That said it is possible to have a ‘win-win’ with estimates if your average bid across multiple projects is close to the actually number. This is much easier to achieve than getting it right every time. Of course, your range has to be reasonable for each project and it helps to have a good relationship to the client (i.e. trust and credibility). I’ve found breaking-up projects into smaller parts is useful also.

    It’s not ideal and not a replacement for solid Agile practices but it helps when faced with a client who insists on fixed priced projects.

    Great article! Thanks!

  5. Woody Z.:

    Thanks for your comments Ron! I think you have a reasonable compromise with your “win-win” proposition. But you know me – I think there is a better way. When the day comes that I don’t believe there is some way to make things better, it will be the day they spread my ashes across the Sierra Nevada. I just hope I’m dead by then.

  6. #NoEstimates Part 1: Doing Scrum without estimates | neilkillick.com:

    […] A thing I can estimate – Woody Zuill […]

  7. Diane Zajac-Woodie:

    I love your honest, straight forward explanation! And I totally agree with your stance; I just have never seen this in practice. :( My experience is that other issues, such as funding projects instead of teams, strict release schedules and reliance on external teams (because we lack complete cross-functional teams), make it very difficult to avoid guessing at timeframes. I especially struggle with providing alternatives to management that demand estimates to hold up their house of cards.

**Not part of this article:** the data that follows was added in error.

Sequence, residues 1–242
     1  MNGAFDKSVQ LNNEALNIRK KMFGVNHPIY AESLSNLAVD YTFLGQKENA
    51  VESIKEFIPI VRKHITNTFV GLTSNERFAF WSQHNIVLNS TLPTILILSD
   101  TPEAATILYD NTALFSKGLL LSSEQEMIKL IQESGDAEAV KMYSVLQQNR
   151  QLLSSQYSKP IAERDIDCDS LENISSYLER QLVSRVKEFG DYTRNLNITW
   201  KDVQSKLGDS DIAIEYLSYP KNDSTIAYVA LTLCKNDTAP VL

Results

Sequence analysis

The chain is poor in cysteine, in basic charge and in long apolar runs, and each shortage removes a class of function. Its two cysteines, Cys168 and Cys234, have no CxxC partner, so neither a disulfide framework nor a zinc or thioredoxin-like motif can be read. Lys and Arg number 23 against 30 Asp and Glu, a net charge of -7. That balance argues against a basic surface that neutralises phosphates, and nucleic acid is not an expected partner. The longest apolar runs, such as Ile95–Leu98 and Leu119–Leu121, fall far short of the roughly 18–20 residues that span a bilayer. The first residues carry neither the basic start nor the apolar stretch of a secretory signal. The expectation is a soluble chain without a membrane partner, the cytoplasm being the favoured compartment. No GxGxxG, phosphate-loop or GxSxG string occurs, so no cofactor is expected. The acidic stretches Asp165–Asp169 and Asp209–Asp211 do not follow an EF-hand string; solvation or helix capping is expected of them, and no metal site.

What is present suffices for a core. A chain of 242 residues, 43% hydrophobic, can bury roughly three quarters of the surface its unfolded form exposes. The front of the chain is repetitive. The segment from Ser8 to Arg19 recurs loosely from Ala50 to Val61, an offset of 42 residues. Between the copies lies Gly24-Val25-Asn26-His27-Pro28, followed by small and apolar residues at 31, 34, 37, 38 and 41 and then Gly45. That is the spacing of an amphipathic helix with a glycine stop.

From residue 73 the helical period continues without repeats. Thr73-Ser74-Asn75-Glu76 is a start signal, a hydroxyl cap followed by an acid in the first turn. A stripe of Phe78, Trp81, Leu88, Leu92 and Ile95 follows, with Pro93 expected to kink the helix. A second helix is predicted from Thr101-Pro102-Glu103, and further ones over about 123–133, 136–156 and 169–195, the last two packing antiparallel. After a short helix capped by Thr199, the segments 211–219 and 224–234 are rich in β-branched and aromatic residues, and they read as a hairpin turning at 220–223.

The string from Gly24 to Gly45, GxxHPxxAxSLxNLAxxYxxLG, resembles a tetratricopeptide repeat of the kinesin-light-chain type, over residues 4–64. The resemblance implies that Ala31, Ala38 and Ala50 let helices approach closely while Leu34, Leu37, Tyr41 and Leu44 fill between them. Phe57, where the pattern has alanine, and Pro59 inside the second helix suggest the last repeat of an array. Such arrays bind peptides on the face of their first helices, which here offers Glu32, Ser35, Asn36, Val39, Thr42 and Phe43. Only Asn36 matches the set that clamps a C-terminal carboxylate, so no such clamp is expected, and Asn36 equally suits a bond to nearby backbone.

Do you feel that estimates can be eliminated if other practices, such as cross-functional teams, are not in place? Would it be more productive to focus on improving those first?

    Thanks for the post! :)

  8. Woody Z.:

    Hello Diane –

    Well, first of all THANKS for your comments.

    There are many issues that block effective productivity. There are many ways to deal with “management” that insists on following harmful practices.
    – One is to become management yourself.
    – Another is to consistently be the “voice of reason” and build solid relationships, friendships, and trust.
    – Find ways to explore alternative ideas.
    – Introduce retrospectives or similar activities and help others learn how to investigate ways to improve.

    Do I feel estimates can be eliminated if other practices are not in place? Absolutely – I believe estimates are at best “waste”, and more commonly outright harmful to the development process. I don’t think it makes a difference what other specific practices are in place – but managing without estimates will require that you quickly adopt practices that fulfill the Agile Values and Principles. However, I would imagine that for most orgs it might be better to focus on building the capabilities and setting up an environment where estimates become less and less important. I’ve found that if we can quickly get some part of a feature into code, built, ready to deploy, and demonstrated to the “stakeholders” the converstation about estimates is much easier to have.